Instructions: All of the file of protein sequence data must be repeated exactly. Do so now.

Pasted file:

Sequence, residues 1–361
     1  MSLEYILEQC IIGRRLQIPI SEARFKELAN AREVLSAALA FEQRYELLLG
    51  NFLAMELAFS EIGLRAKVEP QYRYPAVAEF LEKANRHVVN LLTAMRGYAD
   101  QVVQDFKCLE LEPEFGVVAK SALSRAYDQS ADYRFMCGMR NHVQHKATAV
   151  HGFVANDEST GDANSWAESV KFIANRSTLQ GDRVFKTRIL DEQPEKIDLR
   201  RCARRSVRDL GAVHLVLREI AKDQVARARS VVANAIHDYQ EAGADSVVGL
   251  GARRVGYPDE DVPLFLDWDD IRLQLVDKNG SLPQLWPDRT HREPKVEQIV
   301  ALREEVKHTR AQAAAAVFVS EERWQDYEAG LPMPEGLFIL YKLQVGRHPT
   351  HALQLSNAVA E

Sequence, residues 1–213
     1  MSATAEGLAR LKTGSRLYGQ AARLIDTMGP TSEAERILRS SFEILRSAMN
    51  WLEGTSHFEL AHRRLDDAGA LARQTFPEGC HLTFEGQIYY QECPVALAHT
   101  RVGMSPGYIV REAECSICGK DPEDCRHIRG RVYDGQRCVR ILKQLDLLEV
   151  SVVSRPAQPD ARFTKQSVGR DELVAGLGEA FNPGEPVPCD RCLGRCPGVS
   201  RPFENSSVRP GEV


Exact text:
Sequence, residues 1–361
     1  MSLEYILEQC IIGRRLQIPI SEARFKELAN AREVLSAALA FEQRYELLLG
    51  NFLAMELAFS EIGLRAKVEP QYRYPAVAEF LEKANRHVVN LLTAMRGYAD
   101  QVVQDFKCLE LEPEFGVVAK SALSRAYDQS ADYRFMCGMR NHVQHKATAV
   151  HGFVANDEST GDANSWAESV KFIANRSTLQ GDRVFKTRIL DEQPEKIDLR
   201  RCARRSVRDL GAVHLVLREI AKDQVARARS VVANAIHDYQ EAGADSVVGL
   251  GARRVGYPDE DVPLFLDWDD IRLQLVDKNG SLPQLWPDRT HREPKVEQIV
   301  ALREEVKHTR AQAAAAVFVS EERWQDYEAG LPMPEGLFIL YKLQVGRHPT
   351  HALQLSNAVA E

Sequence, residues 1–213
     1  MSATAEGLAR LKTGSRLYGQ AARLIDTMGP TSEAERILRS SFEILRSAMN
    51  WLEGTSHFEL AHRRLDDAGA LARQTFPEGC HLTFEGQIYY QECPVALAHT
   101  RVGMSPGYIV REAECSICGK DPEDCRHIRG RVYDGQRCVR ILKQLDLLEV
   151  SVVSRPAQPD ARFTKQSVGR DELVAGLGEA FNPGEPVPCD RCLGRCPGVS
   201  RPFENSSVRP GEV